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Mother

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About Mother

  • Rank
    Honored Family Member
  • Birthday January 17

Profile Information

  • Gender
    Female
  • Location
    Illinois
  • Interests
    Early American life and skills, writing, native plants and wildlife, medicinal and kitchen herbs, gardening, lots more.....

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  1. We have an ex-nurse sewing masks for the small local hospital near us. She is using interfacing material encased between layers of cotton. Not sure if that works better than just plain cotton but these are washable yet hold their shape and filtering ability.
  2. I know only too well how precious hope is. Great news,
  3. You are welcome MtR. I only wish I could find something as direct for the Illinois tax due date. You need to have your federal taxes done before you file Illinois forms yet so far I can't find anything on the Illinois Internal Revenue site where it directly says that the date has also been changed.
  4. When all else fails go to the source.. I just went to the Internal Recenue Service web site and this is what I found. WASHINGTON — The Treasury Department and Internal Revenue Service announced today that the federal income tax filing due date is automatically extended from April 15, 2020, to July 15, 2020 There is also info about tax changes there in case anyone is interested.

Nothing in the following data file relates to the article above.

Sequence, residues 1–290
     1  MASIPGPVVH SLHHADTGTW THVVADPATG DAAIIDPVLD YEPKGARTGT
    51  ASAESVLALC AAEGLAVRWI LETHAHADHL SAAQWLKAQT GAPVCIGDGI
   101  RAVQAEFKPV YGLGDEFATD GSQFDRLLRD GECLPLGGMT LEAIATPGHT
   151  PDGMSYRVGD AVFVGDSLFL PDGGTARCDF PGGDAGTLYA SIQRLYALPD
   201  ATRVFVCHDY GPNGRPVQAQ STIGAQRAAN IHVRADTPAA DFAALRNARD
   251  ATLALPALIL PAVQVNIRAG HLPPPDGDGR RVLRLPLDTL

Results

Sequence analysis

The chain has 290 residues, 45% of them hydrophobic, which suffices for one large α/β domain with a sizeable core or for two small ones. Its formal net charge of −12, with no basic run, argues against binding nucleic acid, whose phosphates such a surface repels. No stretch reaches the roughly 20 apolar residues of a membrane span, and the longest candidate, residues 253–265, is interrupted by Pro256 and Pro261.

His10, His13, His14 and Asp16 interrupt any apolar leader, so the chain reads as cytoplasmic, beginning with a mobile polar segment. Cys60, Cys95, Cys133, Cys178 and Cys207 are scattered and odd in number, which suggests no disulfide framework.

5. The state of Illinois is basically on lockdown with all non essential businesses shut down. All people who do not fullfill an essential service are required to shelter in place. All people are allowed to go out for groceries, pharmacies, health services,, to essential jobs, and many other services so not total isolation. They are asking for people who need to go out follow social distancing and safe health practices. The order is until April 7 th but may need to be extended. If anyone is able to watch the govenor's broadcast I strongly suggest it. One of the doctor's, Dr Landen?, who spoke made a very very good case and explanations for taking this step. Stay safe.
  6. Any oil you normally like will work, MtR. I've used various over the years. I use a light olive oil or avocado oil now because we've become picky about what we use. Melted coconut oil gives them a nice taste too but if the apples are cold it tends to solidify in spots. Over the last, ummm, decades I've most often used an old rectangled ten tray dehydrator I bought for a dollar at an auction twenty or so years ago. I use it for a whole lot more than just fruit and veggies. It's a great tool for getting more raw foods into the diet. I have/had several dehydrators. DH made a cabinet sized one years ago that held a bushel of produce at a time, I've used vehicles as dehydrators and made sun Jam and sun dried tomatoes on pieces of glass. I've dried on sheets on low roofs like the pioneers did. I've even used an antique cabinet sized egg incubator to dehydrate 'horse and goat' cookies. It worked beautifully. This old ten tray one keeps humming along, bless it, and I use it often. Yesterday it held herbs. Today it's full of bananas. After that I hope to make zucchini chips. Can an you tell I like to dehydrate things?